Editor’s Note: This Commentary (originally posted in April) is again timely because of the late August damage inflicted by Hurricane Harvey. That damage is sure to complicate Congressional efforts to reauthorize the National Flood Insurance Program (NFIP), which will lapse if not reauthorized by Sept. 30. The NFIP is administered by the Federal Emergency Management Agency (FEMA) and provides coverage for more than 4.9 million policyholders, including 593,113 in Texas. The Texas total includes nearly 250,000 federal insurance policies in Houston and surrounding Harris County with a total coverage value of about $69.3 billion, according to FEMA data as reported by rollcall.com. FEMA is authorized to borrow only $5.8 billion to cover claims that exceed the funds it has on hand, unless Congress raises the borrowing limit. Much of the NFIP’s $24.6 billion debt came from damage claims submitted after Hurricanes Katrina and Rita in 2005 and Superstorm Sandy in 2012.
By Joyce Anderson, for the Chippewa Valley Post This past Sunday night (Aug. 13), my family and I took part in the candlelight vigil at Phoenix Park in Eau Claire. As we lit our candles and watched the river roll by, beyond tall summer grass and clusters of Black-eyed Susans, we joined the others present […]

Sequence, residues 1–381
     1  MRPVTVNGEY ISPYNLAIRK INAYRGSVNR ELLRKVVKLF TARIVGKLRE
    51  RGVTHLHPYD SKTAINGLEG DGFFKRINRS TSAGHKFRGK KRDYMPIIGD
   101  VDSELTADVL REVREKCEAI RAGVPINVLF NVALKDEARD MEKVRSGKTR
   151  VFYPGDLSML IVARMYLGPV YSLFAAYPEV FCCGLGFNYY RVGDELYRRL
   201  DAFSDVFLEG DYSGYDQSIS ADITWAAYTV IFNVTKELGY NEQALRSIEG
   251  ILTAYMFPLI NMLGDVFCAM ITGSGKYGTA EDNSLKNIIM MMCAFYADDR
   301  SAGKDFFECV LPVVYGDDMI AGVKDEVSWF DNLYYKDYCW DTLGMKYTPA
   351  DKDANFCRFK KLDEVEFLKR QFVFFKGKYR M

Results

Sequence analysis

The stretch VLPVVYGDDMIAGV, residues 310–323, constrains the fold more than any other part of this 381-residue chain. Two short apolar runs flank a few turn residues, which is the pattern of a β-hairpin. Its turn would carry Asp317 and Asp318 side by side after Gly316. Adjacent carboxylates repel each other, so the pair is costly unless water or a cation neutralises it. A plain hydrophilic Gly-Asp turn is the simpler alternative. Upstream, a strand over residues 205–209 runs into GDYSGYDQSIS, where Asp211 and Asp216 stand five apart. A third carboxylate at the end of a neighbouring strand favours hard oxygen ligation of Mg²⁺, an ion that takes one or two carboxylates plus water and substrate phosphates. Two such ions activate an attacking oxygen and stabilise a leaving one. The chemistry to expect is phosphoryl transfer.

By David Gordon, Associate Editor The technology used for propaganda may – in today’s changed mass media environment – have outpaced and overwhelmed the ability to report the truth, according to Washington Post columnist and associate editor Eugene Robinson. Robinson spoke Wednesday in Chicago at the 2017 conference of the Association for Education in Journalism […]
By Shirley Shelley, Mayo Clinic Health System Are you frustrated with a lack of progress in your weight loss efforts? Does it seem as if you’re eating all the right foods and exercising, but your weight still isn’t going down? If you’re not keeping track of what you’re eating and what you’re doing for exercise, you […]
The Wisconsin Constitution states that “the doors of each house” of the state Legislature “shall be kept open,” except on rare occasions. But even with the doors open, the public may not know what’s going on.
A growing trend threatens transparency — and good government — in Wisconsin. Some legislative committees are using “mail ballots” to vote, instead of voting during public meetings. It’s a practice that goes back over a decade, and one that has been used by both parties.
The petition by 54 retired circuit judges asking the Wisconsin Supreme Court to require all state judges to step away from cases involving large donors to their election campaigns reflects broader concerns among lawyers and judges about the way the state’s highest court is functioning, according to retired Circuit Judge Thomas Barland of Eau Claire.